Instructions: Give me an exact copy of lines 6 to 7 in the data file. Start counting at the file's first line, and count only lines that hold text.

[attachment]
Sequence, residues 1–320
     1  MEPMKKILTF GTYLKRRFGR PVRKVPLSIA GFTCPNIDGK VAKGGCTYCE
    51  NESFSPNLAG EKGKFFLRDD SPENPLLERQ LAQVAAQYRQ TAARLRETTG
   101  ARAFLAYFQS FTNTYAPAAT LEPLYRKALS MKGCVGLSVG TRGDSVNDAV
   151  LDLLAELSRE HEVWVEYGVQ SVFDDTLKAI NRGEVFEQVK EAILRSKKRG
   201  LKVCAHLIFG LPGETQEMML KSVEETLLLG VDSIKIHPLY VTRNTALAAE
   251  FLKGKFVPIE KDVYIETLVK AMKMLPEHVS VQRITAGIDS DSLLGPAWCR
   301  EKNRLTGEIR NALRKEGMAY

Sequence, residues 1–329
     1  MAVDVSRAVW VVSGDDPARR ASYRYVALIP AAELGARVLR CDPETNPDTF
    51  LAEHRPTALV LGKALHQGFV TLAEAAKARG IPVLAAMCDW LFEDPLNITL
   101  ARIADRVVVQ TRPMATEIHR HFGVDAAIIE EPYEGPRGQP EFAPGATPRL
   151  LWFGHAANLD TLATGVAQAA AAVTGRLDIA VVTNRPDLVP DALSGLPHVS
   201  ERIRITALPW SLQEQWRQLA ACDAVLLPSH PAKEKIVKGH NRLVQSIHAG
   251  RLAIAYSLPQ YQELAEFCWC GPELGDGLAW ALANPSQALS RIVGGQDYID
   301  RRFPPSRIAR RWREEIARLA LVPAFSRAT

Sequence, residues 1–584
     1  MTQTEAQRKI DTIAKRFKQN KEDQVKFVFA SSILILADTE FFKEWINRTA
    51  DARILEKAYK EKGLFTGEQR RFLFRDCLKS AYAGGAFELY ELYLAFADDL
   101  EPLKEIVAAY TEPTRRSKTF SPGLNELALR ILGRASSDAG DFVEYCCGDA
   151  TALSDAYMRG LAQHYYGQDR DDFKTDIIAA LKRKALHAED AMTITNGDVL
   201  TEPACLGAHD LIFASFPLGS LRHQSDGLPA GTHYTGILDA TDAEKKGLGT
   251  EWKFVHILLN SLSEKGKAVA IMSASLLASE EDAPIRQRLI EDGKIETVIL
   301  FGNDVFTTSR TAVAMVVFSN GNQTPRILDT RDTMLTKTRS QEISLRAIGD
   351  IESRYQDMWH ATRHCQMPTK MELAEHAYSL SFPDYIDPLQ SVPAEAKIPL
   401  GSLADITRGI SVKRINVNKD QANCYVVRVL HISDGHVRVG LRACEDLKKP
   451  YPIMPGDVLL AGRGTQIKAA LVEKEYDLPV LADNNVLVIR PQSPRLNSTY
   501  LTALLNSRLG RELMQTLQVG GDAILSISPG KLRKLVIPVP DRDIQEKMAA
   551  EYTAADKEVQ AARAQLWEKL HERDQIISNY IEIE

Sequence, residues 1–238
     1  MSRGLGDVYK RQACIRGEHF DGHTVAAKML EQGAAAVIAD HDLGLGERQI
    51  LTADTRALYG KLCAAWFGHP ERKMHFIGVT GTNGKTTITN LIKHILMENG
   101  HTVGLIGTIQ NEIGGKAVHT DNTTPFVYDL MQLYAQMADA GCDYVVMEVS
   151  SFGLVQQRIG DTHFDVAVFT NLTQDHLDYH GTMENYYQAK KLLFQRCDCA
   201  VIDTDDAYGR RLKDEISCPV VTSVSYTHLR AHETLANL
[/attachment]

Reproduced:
   201  LKVCAHLIFG LPGETQEMML KSVEETLLLG VDSIKIHPLY VTRNTALAAE
   251  FLKGKFVPIE KDVYIETLVK AMKMLPEHVS VQRITAGIDS DSLLGPAWCR